Views

Businesses turning to employees and social media to rebuild trust

With public's diminished confidence in business, firms must turn to everyday stakeholders and create 'shared value' for society

This year marks the 10th anniversary of the height of the international economic crisis that saw the collapse of Lehman Brothers and other firms.

A decade on, the fact that multiple equity markets are near or at all-time highs - and that the global economy is growing again- is disguising a toxic legacy of the period for the corporate world.

A key ramification of that crisis is growing distrust in business, not least among the young.

And in turn, this has helped fuel the post-truth phenomenon - in which objective facts have become progressively less influential in shaping public opinion than appeals to emotion - by reinforcing a wider collapse of public confidence in major institutions in both the private and public sectors.

Diminished confidence in business has reinforced key drivers of the post-truth era, posing new hurdles for firms looking to grow and enhance reputations when there is already long-standing and growing backlash to corporates on issues such as executive pay, international trade and globalisation.

Key ways businesses can build trust include tried and tested ones of creating good new jobs while paying workers fair wages.

Yet, beyond this, a growing number of firms are using new ideas to restore credibility in the post-truth age.

While faith in big institutions and elites is declining, trust in everyday stakeholders - perceived to have more authenticity and legitimacy - is growing.

And this trend relates to a second key driver of the post truth-age, with the digital revolution changing the way many of us consume information.

Research shows that public recommendations from family, friends and colleagues we know and trust is becoming increasingly influential in shaping views and opinions.

The political world has been trying to get to grips with this change, and corporates are also increasingly addressing it.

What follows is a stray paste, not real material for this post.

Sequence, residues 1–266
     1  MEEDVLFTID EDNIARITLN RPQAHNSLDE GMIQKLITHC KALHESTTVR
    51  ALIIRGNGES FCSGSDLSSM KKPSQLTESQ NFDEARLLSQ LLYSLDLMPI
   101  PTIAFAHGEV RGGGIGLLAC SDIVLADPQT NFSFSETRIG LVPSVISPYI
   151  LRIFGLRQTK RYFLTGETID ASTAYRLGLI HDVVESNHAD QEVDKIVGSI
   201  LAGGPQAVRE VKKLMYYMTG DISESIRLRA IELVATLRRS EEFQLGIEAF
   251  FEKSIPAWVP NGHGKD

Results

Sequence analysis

One way business is harnessing the power of this shift is through empowering a new breed of grassroots advocates to help rebuild trust.

Another key feature of successful reputation building in the post-truth economy is founded on the apparent paradox that while there is growing distrust of business, many people nonetheless expect the private sector to play a greater role in society, including helping tackle the range of problems, from climate change to growing economic inequality.

Of course, firms have long had sustainability, social responsibility and/or philanthropic programmes.

But the challenge - and potentially opportunity - is greater now, giving rise to what leading Harvard academic Michael Porter has highlighted as a new way for firms to secure competitive advantage by creating "shared value" for society as well as shareholders.

Perhaps the key idea behind this shared value concept is that the corporate competitiveness and the health of society at large are mutually dependent and reinforcing.

Thus, capitalising on the connections between societal and economic progress - including tackling challenges such as climate change - can help drive growth for years to come.

The writer is an associate at LSE IDEAS at the London School of Economics. This article appeared in The Business Times yesterday.

BUSINESS & FINANCE